Genetic Future

I received an email a while back from a reader wondering why his friend has had to submit multiple saliva samples to personal genomics company 23andMe without getting a result back. Customers in a similar position may be reassured by a lengthy explanation posted yesterday on 23andMe’s blog about their sample processing protocol, penned by the company’s Director of Operations.

(Other potential customers may also be reassured to hear that this type of failure is apparently “quite rare”, although 23andMe haven’t responded yet to my queries regarding the frequency of sample failures; and that sample repeats are provided free of charge to customers.)

There are several points at which a saliva sample can fail to yield high-quality genetic data. Firstly, the saliva sample may have been compromised, either by the collection tube leaking in transit or by a failure of the preservative solution to mix with the saliva after collection. Secondly, the saliva may not contain enough useful DNA (a point I’ll return to below), or the DNA may be too degraded to use. Finally, there might be a problem with the genotyping process that converts DNA into 580,000 pieces of genetic information.

High-throughput genotyping has become so routine now (thanks to massive genome-wide association studies) that the systems for sample processing are well-developed and robust, meaning that genotyping failures are likely to be extremely rare. That means that situations where a customer has to submit multiple samples are most likely to arise due to problems with the sample itself.

If the issue is with poor sample submission (not providing enough saliva, or failure to mix the saliva with the preservative in the tube) then that’s easily fixed. But there’s a more interesting potential problem: 23andMe notes that “[s]ome people seem to have less DNA in their spit, though almost everyone has enough for the purposes of our analysis.”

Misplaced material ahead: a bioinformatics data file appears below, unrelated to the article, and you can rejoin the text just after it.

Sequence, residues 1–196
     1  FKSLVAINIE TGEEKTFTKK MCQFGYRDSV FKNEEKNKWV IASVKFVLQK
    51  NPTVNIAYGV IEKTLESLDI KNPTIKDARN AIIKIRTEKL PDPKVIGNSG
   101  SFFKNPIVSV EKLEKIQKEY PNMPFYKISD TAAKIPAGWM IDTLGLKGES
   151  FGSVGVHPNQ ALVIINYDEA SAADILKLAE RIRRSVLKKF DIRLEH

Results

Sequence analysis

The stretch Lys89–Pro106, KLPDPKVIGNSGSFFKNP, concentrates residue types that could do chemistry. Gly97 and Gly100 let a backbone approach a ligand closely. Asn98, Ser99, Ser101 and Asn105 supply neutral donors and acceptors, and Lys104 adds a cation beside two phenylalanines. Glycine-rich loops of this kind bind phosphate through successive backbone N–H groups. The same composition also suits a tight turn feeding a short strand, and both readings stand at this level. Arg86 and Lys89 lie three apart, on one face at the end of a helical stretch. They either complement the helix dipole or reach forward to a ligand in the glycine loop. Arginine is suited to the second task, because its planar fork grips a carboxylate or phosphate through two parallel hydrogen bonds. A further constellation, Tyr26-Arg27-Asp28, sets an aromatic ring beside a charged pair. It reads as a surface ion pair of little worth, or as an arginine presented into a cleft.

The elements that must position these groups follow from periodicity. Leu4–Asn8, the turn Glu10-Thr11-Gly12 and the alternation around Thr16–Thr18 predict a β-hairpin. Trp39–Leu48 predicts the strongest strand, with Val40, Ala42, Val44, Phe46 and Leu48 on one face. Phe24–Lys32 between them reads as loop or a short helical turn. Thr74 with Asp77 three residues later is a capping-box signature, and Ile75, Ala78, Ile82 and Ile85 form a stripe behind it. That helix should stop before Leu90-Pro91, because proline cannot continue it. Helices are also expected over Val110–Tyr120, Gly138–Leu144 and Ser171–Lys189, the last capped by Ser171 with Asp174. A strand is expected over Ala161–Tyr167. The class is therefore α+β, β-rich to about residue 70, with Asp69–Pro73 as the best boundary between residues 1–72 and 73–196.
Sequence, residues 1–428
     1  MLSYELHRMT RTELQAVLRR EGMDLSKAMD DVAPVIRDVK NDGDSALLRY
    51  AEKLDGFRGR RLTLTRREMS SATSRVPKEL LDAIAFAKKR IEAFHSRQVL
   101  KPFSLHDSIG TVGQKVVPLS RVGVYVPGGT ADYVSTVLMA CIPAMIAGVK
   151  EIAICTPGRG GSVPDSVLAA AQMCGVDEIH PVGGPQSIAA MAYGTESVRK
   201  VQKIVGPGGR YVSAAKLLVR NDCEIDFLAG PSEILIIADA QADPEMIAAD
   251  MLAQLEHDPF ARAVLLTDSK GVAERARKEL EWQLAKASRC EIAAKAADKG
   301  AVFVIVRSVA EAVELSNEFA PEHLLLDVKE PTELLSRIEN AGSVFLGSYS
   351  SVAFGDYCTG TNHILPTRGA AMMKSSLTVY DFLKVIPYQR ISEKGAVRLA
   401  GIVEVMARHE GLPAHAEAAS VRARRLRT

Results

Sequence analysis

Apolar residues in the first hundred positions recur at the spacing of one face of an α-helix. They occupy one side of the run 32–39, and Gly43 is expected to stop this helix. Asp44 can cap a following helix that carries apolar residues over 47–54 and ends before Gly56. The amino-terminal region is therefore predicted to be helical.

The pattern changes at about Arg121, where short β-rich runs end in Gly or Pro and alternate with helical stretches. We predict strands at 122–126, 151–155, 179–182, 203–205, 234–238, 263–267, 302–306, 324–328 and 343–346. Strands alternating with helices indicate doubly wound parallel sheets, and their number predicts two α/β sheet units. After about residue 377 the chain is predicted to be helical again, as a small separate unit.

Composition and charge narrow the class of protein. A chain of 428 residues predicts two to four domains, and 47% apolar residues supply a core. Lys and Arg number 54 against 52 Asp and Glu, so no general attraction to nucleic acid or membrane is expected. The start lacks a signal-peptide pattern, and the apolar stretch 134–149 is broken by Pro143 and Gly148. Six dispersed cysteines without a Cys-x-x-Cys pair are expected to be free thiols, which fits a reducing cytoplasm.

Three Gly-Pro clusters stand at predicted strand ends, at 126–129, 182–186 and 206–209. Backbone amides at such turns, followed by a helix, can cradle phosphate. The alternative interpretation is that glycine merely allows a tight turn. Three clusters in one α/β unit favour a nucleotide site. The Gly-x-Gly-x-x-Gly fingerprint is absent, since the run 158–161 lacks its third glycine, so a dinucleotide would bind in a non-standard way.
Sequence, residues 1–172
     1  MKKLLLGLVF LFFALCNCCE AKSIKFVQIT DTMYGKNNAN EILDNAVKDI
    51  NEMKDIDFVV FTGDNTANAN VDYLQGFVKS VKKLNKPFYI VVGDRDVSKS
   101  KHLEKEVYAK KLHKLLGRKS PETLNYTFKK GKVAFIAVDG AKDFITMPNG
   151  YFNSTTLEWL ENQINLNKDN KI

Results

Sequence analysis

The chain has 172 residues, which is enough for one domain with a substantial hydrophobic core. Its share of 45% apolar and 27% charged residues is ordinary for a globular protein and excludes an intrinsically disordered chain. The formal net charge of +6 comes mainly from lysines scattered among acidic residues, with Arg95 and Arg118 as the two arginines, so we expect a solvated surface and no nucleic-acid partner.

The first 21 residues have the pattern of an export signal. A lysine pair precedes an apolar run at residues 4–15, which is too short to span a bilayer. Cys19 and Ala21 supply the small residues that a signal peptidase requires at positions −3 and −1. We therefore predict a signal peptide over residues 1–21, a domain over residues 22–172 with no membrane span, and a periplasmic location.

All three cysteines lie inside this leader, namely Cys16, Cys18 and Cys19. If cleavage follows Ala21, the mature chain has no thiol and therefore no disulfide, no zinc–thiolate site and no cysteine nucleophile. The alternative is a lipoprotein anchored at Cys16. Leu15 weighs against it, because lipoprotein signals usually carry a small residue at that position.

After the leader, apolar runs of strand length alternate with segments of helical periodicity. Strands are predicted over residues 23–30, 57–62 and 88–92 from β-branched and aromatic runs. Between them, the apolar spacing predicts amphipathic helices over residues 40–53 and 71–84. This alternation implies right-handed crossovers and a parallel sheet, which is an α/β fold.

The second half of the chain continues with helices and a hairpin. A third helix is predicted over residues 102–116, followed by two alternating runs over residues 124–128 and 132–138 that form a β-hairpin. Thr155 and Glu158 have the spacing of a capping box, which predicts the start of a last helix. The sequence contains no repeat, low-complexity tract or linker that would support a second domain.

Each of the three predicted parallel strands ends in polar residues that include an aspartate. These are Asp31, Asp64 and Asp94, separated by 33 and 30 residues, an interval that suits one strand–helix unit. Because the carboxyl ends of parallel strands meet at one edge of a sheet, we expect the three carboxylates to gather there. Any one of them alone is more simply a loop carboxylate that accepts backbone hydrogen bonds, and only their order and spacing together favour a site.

It strikes me that variation in saliva DNA content could be driven by a number of different factors (for instance: variation in saliva production and composition, epithelial cell shedding, or oral microflora), all of which are likely to be determined to some extent by genetic factors. What a delightful irony it would be if there were genetic variants associated with an inability to undergo a genome scan…

(If anyone working in the field can provide good estimates of the variation in DNA content in saliva between individuals, please comment below.)

One final note while I’m on the topic of 23andMe: several people have noted that the turnaround time for the company has increased considerably in recent months, with customers now receiving emails advising of an 8-10 week wait rather than the original 4-6 weeks (e.g. here). I gather this is due to a substantial surge in demand following the appearance of the 23andMe co-founders on Oprah – so new customers are (temporarily) paying the price of 23andMe’s success.

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Comments

  1. #1 N/A
    March 4, 2009

    The problem could also be a poor isolation technique.

  2. #2 ben g
    March 4, 2009

    Is genotyping error still a problem for association studies?

  3. #3 Daniel MacArthur
    March 4, 2009

    Is genotyping error still a problem for association studies?